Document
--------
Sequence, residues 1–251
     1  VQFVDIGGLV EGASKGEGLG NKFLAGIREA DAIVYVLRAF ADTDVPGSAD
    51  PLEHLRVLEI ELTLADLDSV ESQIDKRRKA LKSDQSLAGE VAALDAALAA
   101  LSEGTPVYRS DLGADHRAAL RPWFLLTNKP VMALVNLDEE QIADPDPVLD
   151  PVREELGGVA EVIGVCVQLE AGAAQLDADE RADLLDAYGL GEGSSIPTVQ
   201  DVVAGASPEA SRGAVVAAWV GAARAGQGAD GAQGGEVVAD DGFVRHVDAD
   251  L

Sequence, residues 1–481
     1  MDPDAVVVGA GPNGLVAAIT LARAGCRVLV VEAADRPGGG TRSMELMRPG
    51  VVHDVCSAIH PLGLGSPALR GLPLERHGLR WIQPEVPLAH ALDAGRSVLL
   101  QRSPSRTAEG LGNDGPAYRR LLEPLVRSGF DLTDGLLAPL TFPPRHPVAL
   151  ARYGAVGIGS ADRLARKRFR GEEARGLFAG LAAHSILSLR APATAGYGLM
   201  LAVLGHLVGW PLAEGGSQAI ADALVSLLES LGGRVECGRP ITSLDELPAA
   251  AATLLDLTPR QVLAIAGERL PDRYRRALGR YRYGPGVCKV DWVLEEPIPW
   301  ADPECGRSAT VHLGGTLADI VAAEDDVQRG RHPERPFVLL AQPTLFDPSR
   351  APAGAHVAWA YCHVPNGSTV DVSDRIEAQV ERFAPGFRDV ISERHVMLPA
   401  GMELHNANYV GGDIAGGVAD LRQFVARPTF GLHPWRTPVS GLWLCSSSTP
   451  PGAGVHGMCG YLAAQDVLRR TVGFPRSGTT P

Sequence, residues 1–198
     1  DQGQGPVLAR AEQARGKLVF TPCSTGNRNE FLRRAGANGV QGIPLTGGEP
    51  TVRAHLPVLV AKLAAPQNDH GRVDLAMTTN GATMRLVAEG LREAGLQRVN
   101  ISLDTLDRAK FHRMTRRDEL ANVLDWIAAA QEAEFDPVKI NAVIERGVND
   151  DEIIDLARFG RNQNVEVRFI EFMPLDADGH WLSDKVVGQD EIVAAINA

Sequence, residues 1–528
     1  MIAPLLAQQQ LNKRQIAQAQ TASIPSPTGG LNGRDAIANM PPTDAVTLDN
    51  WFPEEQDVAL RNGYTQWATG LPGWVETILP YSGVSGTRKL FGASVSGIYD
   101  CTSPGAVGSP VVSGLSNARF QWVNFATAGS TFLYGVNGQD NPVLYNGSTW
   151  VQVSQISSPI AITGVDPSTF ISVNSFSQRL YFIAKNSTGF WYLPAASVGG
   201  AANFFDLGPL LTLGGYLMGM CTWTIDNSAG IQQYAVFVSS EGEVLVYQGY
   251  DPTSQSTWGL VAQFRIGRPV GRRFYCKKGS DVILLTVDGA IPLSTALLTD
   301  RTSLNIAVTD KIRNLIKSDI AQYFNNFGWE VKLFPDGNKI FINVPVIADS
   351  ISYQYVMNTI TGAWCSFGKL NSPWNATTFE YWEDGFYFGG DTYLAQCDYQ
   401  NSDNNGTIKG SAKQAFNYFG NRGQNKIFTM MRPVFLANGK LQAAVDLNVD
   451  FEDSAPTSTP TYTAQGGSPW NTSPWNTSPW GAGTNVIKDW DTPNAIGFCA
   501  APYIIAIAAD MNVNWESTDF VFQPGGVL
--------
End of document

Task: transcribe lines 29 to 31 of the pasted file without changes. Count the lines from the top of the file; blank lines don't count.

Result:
   201  AANFFDLGPL LTLGGYLMGM CTWTIDNSAG IQQYAVFVSS EGEVLVYQGY
   251  DPTSQSTWGL VAQFRIGRPV GRRFYCKKGS DVILLTVDGA IPLSTALLTD
   301  RTSLNIAVTD KIRNLIKSDI AQYFNNFGWE VKLFPDGNKI FINVPVIADS